Last February 19, days after Chinese New Year, our team were invited to the company sponsored event which they call ‘Yee Sang.’ Before we go down the event venue, our boss asked the newly employed people, including me, and forced us to go to experience the Malaysian tradition. “You have tried I-Sang before?” my boss said. “No, haven’t tried I-Sang yet, what is it?” to which she replied “You should try it – it’ll be downstairs come with me on the table.” I was swamped at work but the boss made the call so who am I to disobey (and probably kill some time though). But she didn’t answer my question – what in the world is Yee-Sang?

Down to the Ground Floor together with my first-timer colleagues, we arrived at the venue where many oval tables are arranged on the building walkway. The floor was loaded with employees – some are socialising while others just want the buffet to start. Each tables were covered with a red fabric and to its center lies a big plate containing shredded ingredients with a variety of colors. Intrigued with the design, I inspected closely and found out salmon in the middle of the plate, buried on the the hued strips resembling some sort of a salad.

“What did boss say? Table what?” my colleague asked. “I think Table 10 ah.” I replied where we found a different group. “Excuse me, is this the table of <Boss Name>?” I asked to the one nearest us. Suddenly a familiar voice shouted at us “Hey you guys, we’re over here! Why you didn’t recognize my face lah!” We turned back to our boss and laughed with her about it. Then we sat down on the table with the familiar colorful salad I saw earlier.

Then one of the bosses asked me “It’s your first time Yee-Sang?” “Yeah, what is it by the way?” Then another one explained it to me:

“We call it ‘Yee-Sang’ or the Prosperity Toss. This is a special tradition in Malaysia especially for us Malay-Chinese and local Malaysians. Later, when they say ‘Lo Hei’ – you should toss it higher’ to give you good fortune or success or love.”

So I should toss it higher…with these chopsticks? I’m not good with using these two wooden sticks so I guess my fortune is done. I got so concerned with this tossing that I practiced using chopsticks in private before the Yee-Sang started. The noise from the crowd intensified as the hosts of the event got up to the stage and give a warm welcome to all of us. Then, there was a speech from a high-ranking executive from another country about a new beginning (trust me – it’s boring).

While I was busy practising my chopsticks, I noticed that the buffet on the other side is getting filled with lots of foods and drinks that I didn’t realize there was a commotion outside where lots of people are gathering around with cameras and smartphones. Feeling left out, I also walked and squeezed myself to the front to see two Chinese dragons – red and blue – dancing smoothly in the wind while roaring like hell.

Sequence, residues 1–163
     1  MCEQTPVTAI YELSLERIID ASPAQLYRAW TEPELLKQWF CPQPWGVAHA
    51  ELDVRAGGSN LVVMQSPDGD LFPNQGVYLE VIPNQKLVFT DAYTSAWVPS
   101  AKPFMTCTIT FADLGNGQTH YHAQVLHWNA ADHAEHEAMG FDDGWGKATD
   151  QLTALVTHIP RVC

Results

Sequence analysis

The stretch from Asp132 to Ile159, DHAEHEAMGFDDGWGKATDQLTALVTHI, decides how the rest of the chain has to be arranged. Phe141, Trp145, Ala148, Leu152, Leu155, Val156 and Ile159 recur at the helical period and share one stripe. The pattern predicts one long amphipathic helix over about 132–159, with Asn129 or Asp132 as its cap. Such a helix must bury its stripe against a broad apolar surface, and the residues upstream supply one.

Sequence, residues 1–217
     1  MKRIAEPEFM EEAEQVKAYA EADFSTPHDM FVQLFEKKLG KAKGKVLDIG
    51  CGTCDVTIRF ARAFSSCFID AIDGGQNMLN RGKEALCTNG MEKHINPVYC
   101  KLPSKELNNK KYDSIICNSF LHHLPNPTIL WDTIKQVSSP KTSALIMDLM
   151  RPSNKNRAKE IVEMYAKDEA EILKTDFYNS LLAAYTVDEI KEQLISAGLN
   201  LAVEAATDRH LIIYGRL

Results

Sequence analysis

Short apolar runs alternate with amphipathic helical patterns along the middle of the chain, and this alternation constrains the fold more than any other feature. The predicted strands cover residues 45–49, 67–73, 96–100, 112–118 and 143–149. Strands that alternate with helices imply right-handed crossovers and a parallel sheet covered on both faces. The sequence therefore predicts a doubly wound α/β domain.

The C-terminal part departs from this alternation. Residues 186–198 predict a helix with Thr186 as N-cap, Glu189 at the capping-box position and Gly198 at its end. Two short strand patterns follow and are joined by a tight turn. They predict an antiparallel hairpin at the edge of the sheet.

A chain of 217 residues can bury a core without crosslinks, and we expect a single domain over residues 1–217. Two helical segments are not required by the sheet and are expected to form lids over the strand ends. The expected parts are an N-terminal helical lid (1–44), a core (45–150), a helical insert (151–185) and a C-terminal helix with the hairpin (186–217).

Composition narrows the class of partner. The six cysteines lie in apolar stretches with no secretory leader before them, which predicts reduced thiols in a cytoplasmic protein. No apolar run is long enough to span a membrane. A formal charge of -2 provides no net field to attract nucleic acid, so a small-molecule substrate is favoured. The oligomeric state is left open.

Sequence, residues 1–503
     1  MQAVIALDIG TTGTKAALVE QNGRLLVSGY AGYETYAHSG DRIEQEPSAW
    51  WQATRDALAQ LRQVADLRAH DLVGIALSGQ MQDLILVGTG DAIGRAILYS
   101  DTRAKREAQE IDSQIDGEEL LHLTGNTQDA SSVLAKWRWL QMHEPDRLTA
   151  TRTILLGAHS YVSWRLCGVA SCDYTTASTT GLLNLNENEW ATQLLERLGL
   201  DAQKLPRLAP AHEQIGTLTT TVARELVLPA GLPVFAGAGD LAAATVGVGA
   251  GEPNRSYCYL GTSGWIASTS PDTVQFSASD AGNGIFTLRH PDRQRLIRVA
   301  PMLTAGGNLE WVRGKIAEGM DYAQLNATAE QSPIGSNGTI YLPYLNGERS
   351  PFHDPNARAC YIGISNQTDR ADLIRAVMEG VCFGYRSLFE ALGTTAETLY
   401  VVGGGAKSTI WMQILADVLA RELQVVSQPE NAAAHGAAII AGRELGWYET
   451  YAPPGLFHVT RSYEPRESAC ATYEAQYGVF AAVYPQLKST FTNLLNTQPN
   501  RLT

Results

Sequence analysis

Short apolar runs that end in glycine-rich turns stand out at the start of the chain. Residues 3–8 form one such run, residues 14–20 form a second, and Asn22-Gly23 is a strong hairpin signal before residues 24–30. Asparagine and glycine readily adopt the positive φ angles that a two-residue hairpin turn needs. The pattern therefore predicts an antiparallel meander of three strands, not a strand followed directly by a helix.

Then everyone got back to their seats where the host said “Finally, it’s time for the Yee-Sang! When I say “Lo Hei” – everyone must toss the Yee-Sang higher!” Then we unwrap the plate and put other ingredients such as crackers and other condiments. “Ready? 1…2…3…Lo Hei!” the host shouted. “LO HEI!” we all shouted and my colleagues and bosses in the table began tossing the Yee-Sang dish. I did toss it higher but in the end the plate got messy and our hands sticky from the sweet sauce.

Everyone then lined-up to the buffet and each one can’t seem to wait to eat. Others just cut the line and also gave others their servings. However, it all ended well as I got two plates in my hands – one full of spaghetti and the other full of rice, fried drumstick chickens and saucy stuffs I don’t recognize. But we never ate the Yee-Sang and I tasted it once just to satisfy my curiousity. It’s super sweet and a little spicy and sour that I just went back chewing the chicken. By the way, the salmons were gone faster than I thought.

I researched the Yee-Sang dish and saw that I can buy packed ingredients on most groceries in Malaysia. The usual ingredients may include lime, fish strips, shredded red peppers, oil, carrot skins, green and white radishes, plum sauce, grinded peanuts and some crackers to comprise the colorful presentation.

If you happen to be in Malaysia on second week of February next year, don’t miss out this Yee-Sang tradition as it’s guaranteed to give you fun, bring you riches, success, youth or vitality and to see the Malaysian culture in a more colorful way. Cheers!



  • The Coverage. “Malaysians Were The First To ‘Lo Hei’ ‘Yee Sang’ and The Symbolism Behind ‘Yee Sang’” 30 Jan 2016 (link)
  • Nadia, K. “Yee Sang or Yu Sheng? The Story Behind this CNY Tradition” Pamper.MY, 29 Jan 2016 (link)